The Ministry of Agriculture's Directorate of Marketing and Inspection is responsible for administering federal statutes concerned with the marketing of agricultural produce. Another function is market research. The directorate also works closely with states to provide agricultural marketing services that constitutionally come under state purview.
Under the Agricultural Produce (Grading and Marketing) Act of 1937, more than forty primary commodities are compulsorily graded for export and voluntarily graded for internal consumption. Although the regulation of commodity markets is a function of state government, the Directorate of Marketing and Inspection provides marketing and inspection services and financial aid down to the village level to help set up commodity grading centers in selected markets.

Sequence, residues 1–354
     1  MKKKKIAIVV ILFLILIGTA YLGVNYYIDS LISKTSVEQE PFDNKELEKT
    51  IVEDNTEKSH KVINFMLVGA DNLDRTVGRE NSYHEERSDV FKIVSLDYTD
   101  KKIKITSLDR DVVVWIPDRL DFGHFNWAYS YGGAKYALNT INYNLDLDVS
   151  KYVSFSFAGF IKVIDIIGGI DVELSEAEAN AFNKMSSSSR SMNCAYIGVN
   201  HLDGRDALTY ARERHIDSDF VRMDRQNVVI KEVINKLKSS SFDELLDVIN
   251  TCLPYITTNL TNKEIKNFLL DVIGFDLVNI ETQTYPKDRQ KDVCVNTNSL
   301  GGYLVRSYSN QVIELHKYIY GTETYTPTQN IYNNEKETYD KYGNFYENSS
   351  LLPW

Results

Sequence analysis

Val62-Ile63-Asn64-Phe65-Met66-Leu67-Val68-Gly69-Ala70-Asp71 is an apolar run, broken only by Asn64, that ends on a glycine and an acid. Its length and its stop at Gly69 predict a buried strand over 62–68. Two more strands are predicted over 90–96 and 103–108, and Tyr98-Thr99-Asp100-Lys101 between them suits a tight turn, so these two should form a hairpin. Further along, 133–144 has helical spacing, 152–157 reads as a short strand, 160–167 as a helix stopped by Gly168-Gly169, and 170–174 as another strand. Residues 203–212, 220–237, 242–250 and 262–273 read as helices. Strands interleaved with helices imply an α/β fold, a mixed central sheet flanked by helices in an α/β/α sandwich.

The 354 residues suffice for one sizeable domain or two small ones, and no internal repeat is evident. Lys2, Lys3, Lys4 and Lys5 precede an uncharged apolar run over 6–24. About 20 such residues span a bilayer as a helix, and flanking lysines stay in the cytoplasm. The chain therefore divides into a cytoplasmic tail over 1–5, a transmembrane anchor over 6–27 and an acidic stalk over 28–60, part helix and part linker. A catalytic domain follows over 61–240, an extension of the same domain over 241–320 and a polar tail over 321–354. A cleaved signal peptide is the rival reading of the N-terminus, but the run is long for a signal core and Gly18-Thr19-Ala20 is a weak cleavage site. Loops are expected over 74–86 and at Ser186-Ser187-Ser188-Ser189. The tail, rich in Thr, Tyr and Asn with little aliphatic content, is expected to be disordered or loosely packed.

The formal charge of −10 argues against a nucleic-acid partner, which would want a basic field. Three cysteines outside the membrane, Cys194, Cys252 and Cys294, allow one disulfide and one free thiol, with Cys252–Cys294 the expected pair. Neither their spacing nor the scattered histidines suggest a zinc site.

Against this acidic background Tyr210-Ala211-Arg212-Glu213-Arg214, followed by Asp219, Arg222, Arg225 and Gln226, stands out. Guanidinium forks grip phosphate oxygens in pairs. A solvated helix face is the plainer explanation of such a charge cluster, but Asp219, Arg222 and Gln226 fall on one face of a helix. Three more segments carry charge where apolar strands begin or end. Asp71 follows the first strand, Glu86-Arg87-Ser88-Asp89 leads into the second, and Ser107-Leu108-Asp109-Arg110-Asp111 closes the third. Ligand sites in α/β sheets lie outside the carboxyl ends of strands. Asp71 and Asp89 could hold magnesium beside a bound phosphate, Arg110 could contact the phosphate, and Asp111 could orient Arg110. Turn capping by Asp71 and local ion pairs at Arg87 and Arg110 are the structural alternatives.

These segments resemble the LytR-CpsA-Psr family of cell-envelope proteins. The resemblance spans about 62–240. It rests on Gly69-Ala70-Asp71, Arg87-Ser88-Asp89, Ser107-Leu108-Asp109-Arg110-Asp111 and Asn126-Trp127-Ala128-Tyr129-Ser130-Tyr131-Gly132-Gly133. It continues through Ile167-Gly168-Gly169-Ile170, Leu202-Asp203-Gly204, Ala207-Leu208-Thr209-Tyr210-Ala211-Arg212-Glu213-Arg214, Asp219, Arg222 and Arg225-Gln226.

By the 1980s, warehouses for storing agricultural produce and farm supplies played an increasing role in government price support and price control programs and in distributing farm commodities and farm supplies. Because the public warehouses issue a receipt to the owners of stored goods on which loans can be raised, warehouses are also becoming important in agricultural finance. The Central Warehousing Corporation, an entity of the central government, operates warehouses at major points within its jurisdictions, and cooperatives operate warehouses in towns and villages. The growth of the warehousing system has resulted in a decline in weather damage to produce and in loss to rodents and other pests.